Grooming, Prioritizing and Planning
The leader's role is to establish a flow to help other contributors easily take work in process. For example in Kubernetes, all feature requests, issues, and bugs are grouped by labels like kind/, area/ and priority/. According to labels, committers and owners of specific areas or groups take them into further grooming in their communication channels or face-face meetings. Once all issue discussions are clear it can be estimated, planned, and added into either the current or next milestone. For example, this is how backlog grooming takes place in the Kubernetes project. To participate in grooming sessions properly you need to understand business requirements and know how to translate them into software solutions.
Define Team Rules and Coding Standards
Every project and team has rules and standards either explicitly written in documents or shared via day-to-day communication. Discussions regarding coding style could spend a lot of working time as each programmer has preferences. To avoid redundant disputes every major open-source project has its style guide: a set of conventions about how to write code for that project. It is much easier to understand a large codebase when all the code in it is in a consistent style. For example, Google has a list of style guides for almost each programming language. Clearly defined written standards and rules from the begging of the project can save a lot of time and accelerate the development process.
All individuals are allowed to participate, but their influence is based on publicly earned merit – what they contribute to the community. The merit lies with the individual, does not expire, is not influenced by employment status or employer, and is non-transferable (merit earned in one project cannot be applied to another).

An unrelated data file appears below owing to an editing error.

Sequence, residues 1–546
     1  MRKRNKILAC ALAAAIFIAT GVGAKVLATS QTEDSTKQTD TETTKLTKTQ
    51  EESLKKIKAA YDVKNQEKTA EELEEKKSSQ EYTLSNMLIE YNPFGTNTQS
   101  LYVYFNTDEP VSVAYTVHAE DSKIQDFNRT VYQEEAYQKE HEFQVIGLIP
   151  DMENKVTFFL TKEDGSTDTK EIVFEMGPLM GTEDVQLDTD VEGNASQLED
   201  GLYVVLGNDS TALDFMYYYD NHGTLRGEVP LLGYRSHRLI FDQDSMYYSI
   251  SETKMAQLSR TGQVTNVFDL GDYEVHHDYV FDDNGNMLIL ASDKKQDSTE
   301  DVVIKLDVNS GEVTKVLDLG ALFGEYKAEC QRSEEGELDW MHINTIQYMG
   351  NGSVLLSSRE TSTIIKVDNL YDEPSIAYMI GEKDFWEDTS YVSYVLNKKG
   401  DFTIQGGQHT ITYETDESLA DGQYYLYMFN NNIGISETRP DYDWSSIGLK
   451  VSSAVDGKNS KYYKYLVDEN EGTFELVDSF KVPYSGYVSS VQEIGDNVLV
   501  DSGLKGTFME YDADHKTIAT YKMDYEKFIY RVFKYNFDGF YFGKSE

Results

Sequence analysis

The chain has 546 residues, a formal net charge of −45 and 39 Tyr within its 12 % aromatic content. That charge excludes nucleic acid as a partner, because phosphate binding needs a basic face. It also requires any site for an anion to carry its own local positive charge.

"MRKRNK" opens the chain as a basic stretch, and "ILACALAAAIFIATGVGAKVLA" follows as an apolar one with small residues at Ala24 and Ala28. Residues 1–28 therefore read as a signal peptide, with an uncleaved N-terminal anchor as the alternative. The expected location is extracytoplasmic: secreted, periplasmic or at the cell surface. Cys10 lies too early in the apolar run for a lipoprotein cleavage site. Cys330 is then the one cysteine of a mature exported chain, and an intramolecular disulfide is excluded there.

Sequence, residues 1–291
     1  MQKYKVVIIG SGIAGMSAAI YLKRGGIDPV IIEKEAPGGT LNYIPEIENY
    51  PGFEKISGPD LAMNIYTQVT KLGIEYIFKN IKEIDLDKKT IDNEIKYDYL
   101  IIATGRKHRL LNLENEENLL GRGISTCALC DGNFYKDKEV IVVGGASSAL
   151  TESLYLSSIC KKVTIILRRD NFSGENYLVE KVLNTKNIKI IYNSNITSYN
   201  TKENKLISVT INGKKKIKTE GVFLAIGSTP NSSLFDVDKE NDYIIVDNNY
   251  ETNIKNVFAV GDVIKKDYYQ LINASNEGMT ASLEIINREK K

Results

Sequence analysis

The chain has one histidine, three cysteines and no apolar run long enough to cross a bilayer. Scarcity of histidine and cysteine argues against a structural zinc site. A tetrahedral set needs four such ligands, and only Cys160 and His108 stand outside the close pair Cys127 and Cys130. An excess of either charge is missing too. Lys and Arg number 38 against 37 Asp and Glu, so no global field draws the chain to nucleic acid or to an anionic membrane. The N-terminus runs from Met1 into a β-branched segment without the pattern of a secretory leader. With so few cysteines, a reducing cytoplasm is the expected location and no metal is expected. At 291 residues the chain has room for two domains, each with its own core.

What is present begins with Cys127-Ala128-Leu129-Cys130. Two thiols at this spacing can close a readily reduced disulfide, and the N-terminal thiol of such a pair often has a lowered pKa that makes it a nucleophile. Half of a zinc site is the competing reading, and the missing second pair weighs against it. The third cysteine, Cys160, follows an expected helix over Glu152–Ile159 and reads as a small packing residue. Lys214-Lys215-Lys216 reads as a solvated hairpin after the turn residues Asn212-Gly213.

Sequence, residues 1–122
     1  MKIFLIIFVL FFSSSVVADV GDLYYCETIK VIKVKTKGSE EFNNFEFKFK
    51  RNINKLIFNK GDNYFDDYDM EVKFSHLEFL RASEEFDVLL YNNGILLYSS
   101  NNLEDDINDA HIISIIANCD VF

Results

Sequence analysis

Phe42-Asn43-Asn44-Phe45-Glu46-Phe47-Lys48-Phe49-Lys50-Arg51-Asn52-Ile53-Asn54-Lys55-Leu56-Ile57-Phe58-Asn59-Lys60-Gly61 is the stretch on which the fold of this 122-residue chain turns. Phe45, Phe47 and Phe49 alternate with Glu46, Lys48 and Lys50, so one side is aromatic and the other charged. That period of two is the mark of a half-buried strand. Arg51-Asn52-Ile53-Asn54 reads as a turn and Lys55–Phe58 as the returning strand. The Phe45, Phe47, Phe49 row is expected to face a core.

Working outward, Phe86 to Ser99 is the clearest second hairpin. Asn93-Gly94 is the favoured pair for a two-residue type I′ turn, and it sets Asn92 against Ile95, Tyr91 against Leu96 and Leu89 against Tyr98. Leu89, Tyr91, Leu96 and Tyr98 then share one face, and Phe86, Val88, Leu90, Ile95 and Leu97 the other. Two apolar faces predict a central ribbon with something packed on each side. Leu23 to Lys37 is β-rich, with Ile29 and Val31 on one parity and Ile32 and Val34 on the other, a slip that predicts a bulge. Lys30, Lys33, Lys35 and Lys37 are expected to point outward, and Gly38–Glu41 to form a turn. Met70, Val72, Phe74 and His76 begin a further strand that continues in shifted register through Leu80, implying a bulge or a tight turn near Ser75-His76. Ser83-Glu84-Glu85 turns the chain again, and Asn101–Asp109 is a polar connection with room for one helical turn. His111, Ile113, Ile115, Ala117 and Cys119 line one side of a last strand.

Code review is the central part of developing high-quality products. Any committer can review code but at least one owner should indicate positive feedback before moving changes further to the upstream source branch. Code review is a point of interaction between people and mindsets. Besides the main “respect each other” rule, it is also good to remember general code review rules and revise them when required.
Code Quality and Release Management
The release is a set of features or changes marked under the same product version. In open source communities, it is usually steered by a group of dedicated committers. For example sig-release in Kubernetes or PMC in Apache. In the scope of the release group members responsibilities are:
- Release scheduling
- Production Readiness compliance
- Release quality assurance
- Ensure artifacts packaging and publishing by release policy
- Collecting metrics and quality reports related to the release to measure progress over each release
- Release demo. Scheduling and conducting demo meetings to present and collect feedback for the new features and changes
Support is a major cost center for many organizations. Paid support is one of the strategies to commercialize open-source projects. For example, one can subscribe to Red Hat Enterprise Linux and pick a level of support. Providing such a service Red Hat becomes a well-known company acquired by IBM for $34 billion. Project users are the main source of feedback and issues reports. All issues are available for publicity via a dedicated tracking system. In open-source projects, users have the possibility not to wait till the issue to be fixed but to resolve it by themselves and become a contributor. The role of leaders is to provide users with a clear process and communication channel to do this. The key factor is to make issue reporting as much simpler as possible to engage users in reporting.
Everyone can start contributing to the project as a mentee. The project leader's responsibility is to provide a mentoring program on how to do that so the volunteers can start easily. A community member who commits to help a new contributor get started is a mentor. The new person, on the other hand, is a mentee. The idea behind the program is to help mentor and mentee find each other, find sub-projects to contribute, create a plan, track and summarise it properly. The mentoring program is not for teaching to write code but to help make a valuable contribution. This is the example of the mentoring program from the Apache Software Foundation.
Leading and contributing to open source projects connects you to a community of highest professionals where engineering practices and rules are much more mature than in an average IT company. Working in such an environment will keep you on top of the latest engineering practices and make your professional technical skills grow. A leader's goal is to build up the community and develop a shared sense of responsibility.